Dear Member of Bryn Mawr’s Class of 2022,
As the Director of the Emily Balch Seminar Program, I am delighted that you’ll be joining the Bryn Mawr community. As you probably know, every Bryn Mawr student takes a Balch Seminar (nicknamed “ESem”) in the fall semester of her freshman year. Below you’ll find general information about this year’s seminars and directions for indicating your preferences.
Taught by Bryn Mawr faculty from several departments, the Emily Balch Seminars focus on significant questions of interest to students, teachers, scholars, and professionals in many disciplines. In your seminar, you’ll engage in probing reading of challenging texts; you’ll hone your critical writing ability; and you’ll participate in lively text-centered discussions of ideas. Because the seminars are small, you’ll get to know your professor and the students who share your interest in the topic. You’ll also meet with your professor in conference every two weeks to discuss your ideas and your writing—a feature we think is one of the best parts of the course. We who teach these courses are excited about our fall '18 offerings, and we look forward to exploring and talking with you about the books, plays, films, art, music and science on our syllabi.
This year, we’re offering thirty sections of the Emily Balch Seminars on twenty-five different topics. Click on “Course Listings” at the left to read the descriptions. Registration for the Balch Seminars begins on June 20 and ends on July 11. During the registration period, go to the BiONiC log-in page by clicking this link. Type in your user ID and your college password. This will lead you to the page where you can register by clicking on the section numbers and the titles of your three top choices for your seminar.
Note: Your choices can’t be ranked—that is, you cannot indicate a first, second, and third choice. We want you to choose three seminars, any of which you would be equally happy to take. This will help maximize the possibility of your being placed in a class that interests you. It usually isn’t hard to find three intriguing seminars. In fact, students in the past have told us it’s difficult to limit the choices to three! Choose carefully: Enrollment in seminars is strictly limited to fourteen students. Seats in all the seminars will be filled, so once you’ve been placed, it won’t be possible to change sections. When we’ve gathered everyone’s choices, we’ll try to place you in one of the three seminars you’ve selected. You’ll find out your seminar assignment sometime in late summer.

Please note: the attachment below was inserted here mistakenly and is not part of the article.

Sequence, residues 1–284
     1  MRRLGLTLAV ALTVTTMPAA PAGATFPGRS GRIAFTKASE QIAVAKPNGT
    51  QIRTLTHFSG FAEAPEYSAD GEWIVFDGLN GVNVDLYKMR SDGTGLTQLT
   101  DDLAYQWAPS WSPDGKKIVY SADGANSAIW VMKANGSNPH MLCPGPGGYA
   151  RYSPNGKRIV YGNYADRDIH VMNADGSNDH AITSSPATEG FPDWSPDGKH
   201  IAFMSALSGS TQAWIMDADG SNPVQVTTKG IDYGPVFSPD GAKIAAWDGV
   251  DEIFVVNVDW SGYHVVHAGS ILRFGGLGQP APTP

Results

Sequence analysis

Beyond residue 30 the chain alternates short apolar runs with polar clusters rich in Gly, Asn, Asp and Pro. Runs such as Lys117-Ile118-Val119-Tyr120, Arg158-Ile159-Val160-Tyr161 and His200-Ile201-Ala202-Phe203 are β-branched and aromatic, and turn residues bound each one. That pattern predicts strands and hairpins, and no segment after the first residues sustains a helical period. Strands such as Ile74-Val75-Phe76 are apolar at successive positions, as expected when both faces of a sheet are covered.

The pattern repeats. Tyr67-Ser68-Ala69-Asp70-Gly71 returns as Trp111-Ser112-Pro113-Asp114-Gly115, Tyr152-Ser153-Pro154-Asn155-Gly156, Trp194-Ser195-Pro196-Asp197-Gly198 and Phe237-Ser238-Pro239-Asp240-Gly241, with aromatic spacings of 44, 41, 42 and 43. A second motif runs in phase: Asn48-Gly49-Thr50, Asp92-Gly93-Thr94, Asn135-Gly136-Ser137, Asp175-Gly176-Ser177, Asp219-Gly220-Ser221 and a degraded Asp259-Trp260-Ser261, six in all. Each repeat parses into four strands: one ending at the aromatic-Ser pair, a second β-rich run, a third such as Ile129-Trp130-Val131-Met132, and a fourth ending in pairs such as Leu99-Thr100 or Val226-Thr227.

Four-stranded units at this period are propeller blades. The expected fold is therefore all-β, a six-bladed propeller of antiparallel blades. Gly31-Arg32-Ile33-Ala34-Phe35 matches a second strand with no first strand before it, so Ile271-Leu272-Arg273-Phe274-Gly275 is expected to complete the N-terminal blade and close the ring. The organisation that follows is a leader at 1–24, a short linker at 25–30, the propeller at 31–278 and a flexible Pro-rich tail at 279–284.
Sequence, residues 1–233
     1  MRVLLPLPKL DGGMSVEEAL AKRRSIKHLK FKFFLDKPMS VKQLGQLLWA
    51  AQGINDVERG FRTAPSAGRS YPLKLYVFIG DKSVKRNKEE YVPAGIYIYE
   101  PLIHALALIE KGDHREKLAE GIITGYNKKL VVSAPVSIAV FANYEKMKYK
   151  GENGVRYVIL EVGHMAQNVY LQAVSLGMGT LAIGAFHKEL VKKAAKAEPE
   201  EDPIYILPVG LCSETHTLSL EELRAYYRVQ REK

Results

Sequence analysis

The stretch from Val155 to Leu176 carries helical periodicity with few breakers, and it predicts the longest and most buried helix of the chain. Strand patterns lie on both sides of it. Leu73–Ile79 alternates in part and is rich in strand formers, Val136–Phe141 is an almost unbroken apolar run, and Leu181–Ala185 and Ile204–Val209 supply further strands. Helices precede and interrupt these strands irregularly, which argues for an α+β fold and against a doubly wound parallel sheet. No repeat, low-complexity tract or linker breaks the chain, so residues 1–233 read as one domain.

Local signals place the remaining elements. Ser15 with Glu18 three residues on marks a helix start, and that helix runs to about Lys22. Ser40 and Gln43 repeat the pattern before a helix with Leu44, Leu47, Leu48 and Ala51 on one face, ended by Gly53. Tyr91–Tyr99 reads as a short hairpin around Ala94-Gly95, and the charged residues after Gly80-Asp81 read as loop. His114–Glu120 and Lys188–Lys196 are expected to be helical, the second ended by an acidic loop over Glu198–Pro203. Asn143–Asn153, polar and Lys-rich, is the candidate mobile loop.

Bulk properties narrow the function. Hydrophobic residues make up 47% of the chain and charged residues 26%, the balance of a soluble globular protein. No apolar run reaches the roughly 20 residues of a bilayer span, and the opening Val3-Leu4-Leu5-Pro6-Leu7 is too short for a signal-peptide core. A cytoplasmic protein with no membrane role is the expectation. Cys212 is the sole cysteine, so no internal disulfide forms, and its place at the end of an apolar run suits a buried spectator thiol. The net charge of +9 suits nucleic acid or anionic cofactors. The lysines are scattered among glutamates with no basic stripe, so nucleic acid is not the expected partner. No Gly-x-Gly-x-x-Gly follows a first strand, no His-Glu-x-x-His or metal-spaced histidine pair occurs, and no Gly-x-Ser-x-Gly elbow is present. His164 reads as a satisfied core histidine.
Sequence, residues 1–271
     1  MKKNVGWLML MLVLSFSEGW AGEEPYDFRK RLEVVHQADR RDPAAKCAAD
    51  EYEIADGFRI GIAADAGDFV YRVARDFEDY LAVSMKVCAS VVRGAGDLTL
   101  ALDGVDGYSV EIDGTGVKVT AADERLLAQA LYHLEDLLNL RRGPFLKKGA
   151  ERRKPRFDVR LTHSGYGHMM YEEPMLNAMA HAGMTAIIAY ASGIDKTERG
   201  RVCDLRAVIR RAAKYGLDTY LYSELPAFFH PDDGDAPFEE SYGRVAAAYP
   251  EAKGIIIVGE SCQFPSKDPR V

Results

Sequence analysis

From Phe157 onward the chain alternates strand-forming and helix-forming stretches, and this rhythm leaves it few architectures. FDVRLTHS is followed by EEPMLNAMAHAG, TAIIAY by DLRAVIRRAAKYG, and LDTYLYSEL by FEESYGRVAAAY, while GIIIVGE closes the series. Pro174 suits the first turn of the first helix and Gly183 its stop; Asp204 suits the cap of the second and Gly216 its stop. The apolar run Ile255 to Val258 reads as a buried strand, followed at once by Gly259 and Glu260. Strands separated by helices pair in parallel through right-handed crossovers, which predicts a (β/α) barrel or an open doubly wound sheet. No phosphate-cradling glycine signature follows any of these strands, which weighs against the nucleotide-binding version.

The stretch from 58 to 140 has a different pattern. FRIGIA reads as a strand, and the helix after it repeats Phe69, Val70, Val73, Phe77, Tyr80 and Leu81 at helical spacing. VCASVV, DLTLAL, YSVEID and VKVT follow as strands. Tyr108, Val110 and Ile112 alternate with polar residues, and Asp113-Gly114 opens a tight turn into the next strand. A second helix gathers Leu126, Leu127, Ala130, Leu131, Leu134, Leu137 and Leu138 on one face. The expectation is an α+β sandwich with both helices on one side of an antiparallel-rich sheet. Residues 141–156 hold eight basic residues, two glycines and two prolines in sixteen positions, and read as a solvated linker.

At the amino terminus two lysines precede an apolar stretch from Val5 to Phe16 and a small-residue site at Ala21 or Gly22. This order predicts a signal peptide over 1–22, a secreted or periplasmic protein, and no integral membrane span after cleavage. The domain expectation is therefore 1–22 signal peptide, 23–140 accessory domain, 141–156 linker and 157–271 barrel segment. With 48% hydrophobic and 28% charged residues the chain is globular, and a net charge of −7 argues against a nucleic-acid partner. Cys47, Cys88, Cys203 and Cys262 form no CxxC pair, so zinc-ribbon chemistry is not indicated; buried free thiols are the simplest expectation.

Here are some tips for choosing your seminars:
- Read through the entire list of seminars to familiarize yourself with all the topics before making your selections.
- Make sure you register by July 11. Seminar choices are not first come, first served. As long as you indicate your seminar preferences by July 11, you’ll have an equal chance of getting into one of the seminars you choose. If you don’t meet the July 11 deadline, however, you’ll have to wait until you arrive on campus to choose a seminar from the few that will still have open seats. The ones you’re most interested could well be filled at that point. So, for the best choice, make your selections during the registration window.
- Most of the seminars meet at the same time—Tuesday and Thursday from 11:25 a.m. until 12:45 p.m., so scheduling won’t be much of a problem. A few do meet at other times, however. The course descriptions will tell you when each seminar meets. If you want to think about how your seminar will fit with other courses you’re considering taking, please refer to the Tri-Co Course Guide.
- This year, two seminars are offered at two different times. They are “Imagining Childhood” (sections 015 and 016); and “Poverty, Affluence, and American Culture” (sections 028 and 029). If you’re interested in one of these topics, choose the section that meets at the time you prefer. The times for these sections are listed on the course selection page. Do not select both sections. You must choose three different topics.
- The amount of work required by each seminar is roughly the same. You don’t, therefore, have to worry about workload when making your choices. When you find a few seminars you’re interested in, look at the readings mentioned in the course description. Though one option is to choose a seminar in a field in which you might major, an equally attractive possibility is to choose a seminar with texts you might never study again once you get into your major field. And don’t be reluctant to choose a course whose texts you’ve read before. Seminar texts are worth re-reading. You’ll understand them differently in this course than you did in your last encounter with them.
- If you’re unfamiliar with the texts mentioned in a seminar description, look for them in your local library or online. Find out what they’re about, who created them, when they were written (or painted or composed or directed). You’ll make better informed choices if you know what the course texts are like.
- Writing is an important component of the Emily Balch Seminars. Every section requires you to do a substantial amount of writing with the goal of developing your abilities as a writer at the college level. Each seminar requires a similar amount of writing. Beyond the guidance your instructor gives you about your writing, Bryn Mawr has an active Writing Center where students get feedback and support for their writing. You can visit the Writing Center for additional advice on the papers you’ll write in your seminar.
I look forward to seeing you in September!
English Department and Writing Program
Director, The Emily Balch Seminars